Thank you Ladybug i will be asking about that. i have an appointment this morning with a new endo so fingers crossed i will be able to get some more information and help :-)
The following user gives a hug of support to nami580: ozzielady (03-21-2013)
The Following User Says Thank You to nami580 For This Useful Post: ozzielady (03-21-2013)
I just thought i would post an update. I went to see the endo and after testing everything had com back normal. I had an MRI on my brain and neck and they found i have normal pressure hydrocephalus and 3 bulged discs in my neck, I am now waiting to see a nuerologoist next month. So i guess it wasnt my thyroid causing the symptoms after all (says very sheepishly). I am not sure what this all means but i just hope one day i will feel my old self again
Ozzielady, Glad you got some of this figured out! I hope the neuro helps you. I can't understand though how everything came back normal on your thyroid, after having TPO antibodies of 1284. Perhaps he just tested your hormone levels, and they came back ok? I would try to clarify that, as you can still have Hashimoto's but with normal hormone levels early on. Sometimes it takes a year or two for the hormone levels to start dropping.
Nami, here's the difference you were asking to have explained: Hashimoto's is the autoimmune process whereby antibodies destroy your thyroid gland over time (years). Your immune system doesn't recognize your thyroid as "self", it mistakenly thinks it is "foreign" and builds up antibodies against the cells. As the thyroid gland gets destroyed by inflammation, it often enlarges, forms nodules and scar tissue, and that is a multinodular (many nodules) goiter (enlarged thyroid). Because the hormone- producing cells get destroyed , you become hypothyroid, meaning you don't have sufficient thyroid hormone production from the gland to keep up your normal metabolic rate. So you get tired, gain weight, etc. The treatment then is to supply you with thyroid hormone to make up for what your gland is not producing. So all 3 things go hand-in-hand, and are really all part of one disease process, the autoimmune thyroid inflammation/destruction. Hope that helps.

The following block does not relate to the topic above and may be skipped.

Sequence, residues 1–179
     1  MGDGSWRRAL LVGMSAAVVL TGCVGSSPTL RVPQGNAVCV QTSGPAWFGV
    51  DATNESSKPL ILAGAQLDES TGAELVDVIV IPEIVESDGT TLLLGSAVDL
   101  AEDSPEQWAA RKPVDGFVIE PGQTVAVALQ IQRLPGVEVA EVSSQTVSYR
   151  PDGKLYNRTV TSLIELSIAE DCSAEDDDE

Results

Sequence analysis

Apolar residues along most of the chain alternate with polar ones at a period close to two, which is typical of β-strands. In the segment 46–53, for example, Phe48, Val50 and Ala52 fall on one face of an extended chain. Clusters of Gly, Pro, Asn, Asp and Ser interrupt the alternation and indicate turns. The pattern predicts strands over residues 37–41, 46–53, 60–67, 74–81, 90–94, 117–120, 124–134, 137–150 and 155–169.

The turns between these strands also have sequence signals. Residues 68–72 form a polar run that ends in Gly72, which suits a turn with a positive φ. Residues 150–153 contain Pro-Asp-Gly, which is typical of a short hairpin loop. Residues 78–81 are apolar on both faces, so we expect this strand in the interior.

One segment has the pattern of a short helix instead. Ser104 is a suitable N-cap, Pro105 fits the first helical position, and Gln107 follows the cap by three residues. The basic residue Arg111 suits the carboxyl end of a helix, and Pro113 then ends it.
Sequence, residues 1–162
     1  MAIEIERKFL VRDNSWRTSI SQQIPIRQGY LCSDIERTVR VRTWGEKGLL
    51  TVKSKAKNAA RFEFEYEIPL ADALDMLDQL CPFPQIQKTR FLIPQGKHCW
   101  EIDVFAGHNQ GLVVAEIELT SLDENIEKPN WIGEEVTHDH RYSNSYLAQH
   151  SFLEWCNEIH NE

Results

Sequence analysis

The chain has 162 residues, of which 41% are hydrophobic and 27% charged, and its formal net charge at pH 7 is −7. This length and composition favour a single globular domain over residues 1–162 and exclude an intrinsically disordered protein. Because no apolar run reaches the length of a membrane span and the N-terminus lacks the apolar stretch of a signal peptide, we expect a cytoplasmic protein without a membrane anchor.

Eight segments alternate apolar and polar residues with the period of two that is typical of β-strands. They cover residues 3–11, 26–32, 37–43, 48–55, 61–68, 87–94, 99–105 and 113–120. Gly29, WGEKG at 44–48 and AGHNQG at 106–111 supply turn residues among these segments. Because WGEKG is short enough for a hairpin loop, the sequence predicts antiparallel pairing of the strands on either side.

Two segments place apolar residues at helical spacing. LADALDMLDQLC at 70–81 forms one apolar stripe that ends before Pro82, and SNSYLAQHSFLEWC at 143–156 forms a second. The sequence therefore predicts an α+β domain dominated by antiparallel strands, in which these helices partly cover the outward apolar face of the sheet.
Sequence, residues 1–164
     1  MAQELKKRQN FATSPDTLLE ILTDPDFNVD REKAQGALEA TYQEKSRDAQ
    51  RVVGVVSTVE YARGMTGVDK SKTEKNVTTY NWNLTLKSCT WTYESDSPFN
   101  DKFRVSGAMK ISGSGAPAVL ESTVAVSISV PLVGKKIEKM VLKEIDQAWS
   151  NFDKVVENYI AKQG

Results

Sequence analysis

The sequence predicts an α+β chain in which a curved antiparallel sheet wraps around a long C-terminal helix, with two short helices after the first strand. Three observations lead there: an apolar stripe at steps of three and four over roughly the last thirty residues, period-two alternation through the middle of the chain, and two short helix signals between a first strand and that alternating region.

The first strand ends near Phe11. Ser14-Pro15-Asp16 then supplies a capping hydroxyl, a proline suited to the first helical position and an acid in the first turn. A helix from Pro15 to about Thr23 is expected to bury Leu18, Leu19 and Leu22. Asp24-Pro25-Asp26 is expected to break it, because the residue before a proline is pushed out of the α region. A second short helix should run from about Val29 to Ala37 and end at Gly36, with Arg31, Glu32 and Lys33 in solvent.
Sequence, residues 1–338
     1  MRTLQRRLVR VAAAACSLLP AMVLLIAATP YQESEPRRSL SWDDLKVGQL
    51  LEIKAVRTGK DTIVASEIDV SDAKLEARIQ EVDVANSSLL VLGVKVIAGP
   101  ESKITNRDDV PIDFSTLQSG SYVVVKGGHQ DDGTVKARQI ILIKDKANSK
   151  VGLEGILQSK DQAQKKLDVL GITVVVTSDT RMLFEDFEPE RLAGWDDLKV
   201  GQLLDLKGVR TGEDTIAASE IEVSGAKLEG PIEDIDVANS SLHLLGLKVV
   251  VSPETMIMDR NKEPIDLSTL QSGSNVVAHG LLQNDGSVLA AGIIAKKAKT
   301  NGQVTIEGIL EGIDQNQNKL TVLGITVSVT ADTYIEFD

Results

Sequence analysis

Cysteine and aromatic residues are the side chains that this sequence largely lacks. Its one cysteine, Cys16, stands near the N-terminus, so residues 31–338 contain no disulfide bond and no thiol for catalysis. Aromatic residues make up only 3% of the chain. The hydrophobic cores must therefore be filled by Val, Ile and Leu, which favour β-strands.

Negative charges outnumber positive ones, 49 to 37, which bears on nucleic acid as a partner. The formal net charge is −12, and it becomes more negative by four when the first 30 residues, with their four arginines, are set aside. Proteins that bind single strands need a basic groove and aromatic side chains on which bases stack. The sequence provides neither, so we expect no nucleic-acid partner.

Last edited by ladybud; 06-20-2013 at 07:00 PM.
I will get clarification on the thyroid issue, at the moment i have my levels checked every 6 months so at this stage i will be concentrating on the nuerologist issues and then i guess i will focus on the thyroid. I am very very thankfull that the both are not playing up together as i really dont think the hydrocephalus would have been found. Thank you for your prompt reply and thank you to this board as i have learnt so much in a time in my life when i had so many unanswered questions.